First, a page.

LAST week we looked at how disruptive innovation has and could continue to reconfigure the media industry in Zimbabwe.
The Human Capital Telescope with Brett Chulu
One area to which it appears disruptive innovation will spread is the health services sector, albeit as an unintended consequence.
In his October 23 Facebook post Econet boss Strive Masiyiwa states that in the next 10 years he wants people to test themselves for diseases using a mobile phone.
Masiyiwa wrote on Facebook: “One of the most exciting developments we are currently working on is a project we call the Econet Disease Surveillance Network. It is similar to our award-winning Energise the Chain project. Both these projects were not designed to generate income, but to show that we can use our business to help our communities”. Though according to Masiyiwa Econet is not planning to commercialise this social innovation, the unintended consequences of this project, if successful, will seed ideas for disrupting the health sector on a commercial business.
Masiyiwa’s social innovation is a simple idea really, albeit built on deep thinking. A nurse’s phone can be a doctor. In 10 years’ time, your phone will be your doctor. If anything, that sounds like a disruptive innovation.
A nurse in a remote rural area (or in an economically disadvantaged area) will take a blood sample obtained from pricking a patient’s finger and place it on a detection paper supplied by Econet. A colour change on the paper will be transmitted via a mobile network to an electronic database (presumably housed in a central server). That database will analyse the data sent from the clinic via a mobile phone. In a matter of seconds results of the diagnosis are relayed back to the clinic. According to Masiyiwa’s Facebook post, the system will be able to diagnose five diseases or conditions, namely: Malaria, HIV, Dengue, Influenza and Hepatitis B. That’s to be expected. A disruptive innovation starts with simple applications.
This development gives us an opportunity to discuss an aspect of disruptive innovation that I have not touched on in my many articles on disruptive innovation in this column. It is the concept of disrupting or commoditising expertise to lower a cost structure.
Basic microeconomics tells us that highly-skilled health personnel such as doctors and specialist technicians will charge relatively high fees for their services. High fees to access health services exclude the masses. Simply, a disruptive innovation only works if it assists masses to do what they are already trying to do but cannot due to cost and/or lack of skill. I am not sure if they even want medical aid.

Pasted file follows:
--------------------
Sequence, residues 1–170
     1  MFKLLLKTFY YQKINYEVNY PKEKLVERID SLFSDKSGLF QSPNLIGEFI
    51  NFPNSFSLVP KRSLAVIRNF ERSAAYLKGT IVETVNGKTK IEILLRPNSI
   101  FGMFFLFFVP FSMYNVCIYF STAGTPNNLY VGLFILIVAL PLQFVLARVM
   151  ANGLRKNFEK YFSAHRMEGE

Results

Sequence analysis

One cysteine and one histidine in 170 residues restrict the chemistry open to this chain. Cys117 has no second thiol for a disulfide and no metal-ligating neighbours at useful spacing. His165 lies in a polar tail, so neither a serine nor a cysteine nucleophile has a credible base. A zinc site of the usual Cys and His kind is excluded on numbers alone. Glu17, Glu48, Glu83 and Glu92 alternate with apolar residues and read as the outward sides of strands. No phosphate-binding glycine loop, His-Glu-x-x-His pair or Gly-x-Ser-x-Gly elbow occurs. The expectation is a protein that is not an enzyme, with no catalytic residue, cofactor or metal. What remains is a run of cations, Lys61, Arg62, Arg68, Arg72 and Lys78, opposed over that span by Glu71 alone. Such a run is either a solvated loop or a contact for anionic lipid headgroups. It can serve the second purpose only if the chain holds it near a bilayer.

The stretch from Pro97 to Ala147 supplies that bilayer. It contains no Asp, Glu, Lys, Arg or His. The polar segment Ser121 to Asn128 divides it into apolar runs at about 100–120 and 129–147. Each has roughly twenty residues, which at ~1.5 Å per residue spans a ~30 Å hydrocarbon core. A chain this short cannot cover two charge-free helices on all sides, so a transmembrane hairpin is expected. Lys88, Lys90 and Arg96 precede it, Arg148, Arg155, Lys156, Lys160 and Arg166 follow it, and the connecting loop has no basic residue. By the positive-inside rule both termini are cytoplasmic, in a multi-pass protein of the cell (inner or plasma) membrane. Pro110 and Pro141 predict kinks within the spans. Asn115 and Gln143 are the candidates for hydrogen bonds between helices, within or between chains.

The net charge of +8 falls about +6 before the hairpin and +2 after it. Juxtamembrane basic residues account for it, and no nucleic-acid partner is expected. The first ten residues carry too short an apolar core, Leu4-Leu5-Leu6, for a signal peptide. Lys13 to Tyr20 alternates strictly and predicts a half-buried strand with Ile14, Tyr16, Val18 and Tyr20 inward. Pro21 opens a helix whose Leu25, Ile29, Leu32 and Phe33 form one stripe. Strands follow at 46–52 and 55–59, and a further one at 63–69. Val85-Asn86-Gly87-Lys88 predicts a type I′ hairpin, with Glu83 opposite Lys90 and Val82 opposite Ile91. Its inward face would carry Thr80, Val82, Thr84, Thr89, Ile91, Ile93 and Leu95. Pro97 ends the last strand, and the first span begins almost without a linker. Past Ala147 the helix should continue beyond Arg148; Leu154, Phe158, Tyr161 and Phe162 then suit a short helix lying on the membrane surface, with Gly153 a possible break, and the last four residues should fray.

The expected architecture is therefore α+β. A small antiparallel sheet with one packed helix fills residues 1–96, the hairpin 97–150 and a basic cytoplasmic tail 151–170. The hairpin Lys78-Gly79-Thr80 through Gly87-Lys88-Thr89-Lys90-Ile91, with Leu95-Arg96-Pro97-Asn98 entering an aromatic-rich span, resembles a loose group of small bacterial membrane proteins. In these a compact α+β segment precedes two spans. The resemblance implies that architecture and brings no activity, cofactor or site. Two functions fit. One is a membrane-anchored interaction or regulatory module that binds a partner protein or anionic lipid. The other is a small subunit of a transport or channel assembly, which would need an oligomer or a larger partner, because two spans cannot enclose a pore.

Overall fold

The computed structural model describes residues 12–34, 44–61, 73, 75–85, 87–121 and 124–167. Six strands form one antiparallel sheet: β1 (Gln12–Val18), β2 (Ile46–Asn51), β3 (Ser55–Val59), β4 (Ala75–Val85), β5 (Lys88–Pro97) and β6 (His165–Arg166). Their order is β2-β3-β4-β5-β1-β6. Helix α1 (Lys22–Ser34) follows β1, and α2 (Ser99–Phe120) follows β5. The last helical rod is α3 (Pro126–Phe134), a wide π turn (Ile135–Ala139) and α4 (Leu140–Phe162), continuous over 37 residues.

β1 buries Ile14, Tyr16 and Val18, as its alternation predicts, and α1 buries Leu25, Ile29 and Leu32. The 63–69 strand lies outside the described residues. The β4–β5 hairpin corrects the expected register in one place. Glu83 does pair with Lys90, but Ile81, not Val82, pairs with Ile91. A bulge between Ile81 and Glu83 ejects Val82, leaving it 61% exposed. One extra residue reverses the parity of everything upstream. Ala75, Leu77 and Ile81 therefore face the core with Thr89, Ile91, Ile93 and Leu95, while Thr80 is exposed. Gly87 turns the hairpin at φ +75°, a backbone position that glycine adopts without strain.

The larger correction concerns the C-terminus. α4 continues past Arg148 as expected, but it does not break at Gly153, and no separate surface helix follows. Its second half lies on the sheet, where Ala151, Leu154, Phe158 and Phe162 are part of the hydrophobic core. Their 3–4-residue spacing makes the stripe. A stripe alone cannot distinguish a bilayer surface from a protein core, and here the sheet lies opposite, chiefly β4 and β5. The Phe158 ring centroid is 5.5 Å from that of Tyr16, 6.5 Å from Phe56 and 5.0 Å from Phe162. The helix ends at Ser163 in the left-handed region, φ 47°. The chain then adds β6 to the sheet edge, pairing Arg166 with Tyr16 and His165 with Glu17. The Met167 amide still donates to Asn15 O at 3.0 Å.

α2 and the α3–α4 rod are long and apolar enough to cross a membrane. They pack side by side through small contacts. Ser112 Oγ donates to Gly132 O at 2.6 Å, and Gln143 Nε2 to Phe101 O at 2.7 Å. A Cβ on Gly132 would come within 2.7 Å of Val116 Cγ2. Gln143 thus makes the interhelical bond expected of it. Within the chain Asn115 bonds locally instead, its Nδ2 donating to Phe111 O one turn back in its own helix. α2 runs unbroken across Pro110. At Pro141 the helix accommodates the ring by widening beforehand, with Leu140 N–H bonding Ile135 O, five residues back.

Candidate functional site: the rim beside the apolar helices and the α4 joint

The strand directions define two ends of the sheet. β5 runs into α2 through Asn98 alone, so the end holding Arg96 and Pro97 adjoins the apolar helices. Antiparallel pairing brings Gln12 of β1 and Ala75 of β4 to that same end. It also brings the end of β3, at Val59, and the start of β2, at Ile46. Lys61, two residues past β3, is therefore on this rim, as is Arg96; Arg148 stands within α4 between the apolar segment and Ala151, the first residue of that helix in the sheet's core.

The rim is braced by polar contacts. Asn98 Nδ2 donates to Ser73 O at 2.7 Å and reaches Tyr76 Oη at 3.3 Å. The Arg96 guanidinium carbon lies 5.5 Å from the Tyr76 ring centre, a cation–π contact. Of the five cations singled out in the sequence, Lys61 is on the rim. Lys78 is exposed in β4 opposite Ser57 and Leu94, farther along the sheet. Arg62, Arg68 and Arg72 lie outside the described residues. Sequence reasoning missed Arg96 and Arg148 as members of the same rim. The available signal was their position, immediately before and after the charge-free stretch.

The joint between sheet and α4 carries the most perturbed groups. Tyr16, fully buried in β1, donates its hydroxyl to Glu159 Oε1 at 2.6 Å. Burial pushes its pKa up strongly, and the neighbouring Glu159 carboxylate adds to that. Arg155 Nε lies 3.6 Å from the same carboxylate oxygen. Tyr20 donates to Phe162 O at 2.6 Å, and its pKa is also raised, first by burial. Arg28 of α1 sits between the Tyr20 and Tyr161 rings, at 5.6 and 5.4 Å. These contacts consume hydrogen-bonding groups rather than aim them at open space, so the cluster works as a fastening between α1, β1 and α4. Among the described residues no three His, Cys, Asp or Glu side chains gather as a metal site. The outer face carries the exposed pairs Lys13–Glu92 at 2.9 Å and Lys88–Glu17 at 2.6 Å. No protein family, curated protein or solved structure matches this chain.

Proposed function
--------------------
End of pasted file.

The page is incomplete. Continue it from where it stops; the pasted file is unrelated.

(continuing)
What Masiyiwa and his R&D team are brewing may disrupt health services, unintentionally though, due to ability to commoditise expertise.
The primary purpose of a disruptive innovation is to replace a high cost structure with a low cost structure so that a service that was once a preserve of few is made accessible to the excluded masses. According to disruptive innovation there are three levels of dealing with a problem in a service area such as health. The first level is problem-solving by trial and error.
For instance, a doctor may conduct a battery of tests to try and diagnose a health problem. They may have to make several prescriptions until the right one is found. Visiting this skilled individual with scarce skills comes with relatively huge expenses.
In short, at the problem-solving level, health service costs are relatively very high. The second-level is pattern-recognition. At this level, a trained technician will conduct a test and compare the results against an established standard. This means that a problem is quickly diagnosed, obviating the need for repeated visits.
At the pattern-recognition level, health service costs are relatively low due to lower opportunity costs. The third level is the routine diagnosis level. This can be carried out by a relatively less-skilled person. Typically, this involves use of standard test kits such as paper-based detection tests.
For instance, a nurse aid can dip a diagnostic paper into a sample of urine, look at the resulting colour change and interpret what that means.
At the routine diagnosis level, the costs of delivering a health service are relatively lower when compared to the problem-solving and pattern-recognition levels due to even much lower opportunity costs.
A disruptor will work to push health service delivery down from experts to the less-skilled through high-tech. That move simplifies a health-delivery cost structure. This is precisely what Masiyiwa’s innovation will do, though unintentionally. Technology will replace the need for a human expert to diagnose well-known diseases, especially, the more common and deadly ones in the developing world context.
Here is a poser; what will happen to the health sector when my grandmother begins to use her mobile phone as a doctor? What if more and more diseases become diagnosable over a mobile phone? Answer; disruption.
Reflect on it
A social innovation by a Zimbabwean could be the pointer to the possibility of disrupting expensive health services, addressing a long-standing headache for business strategists.
Chulu is a strategic HR consultant pioneering innovative HR practices in both listed and unlisted companies. — email@example.com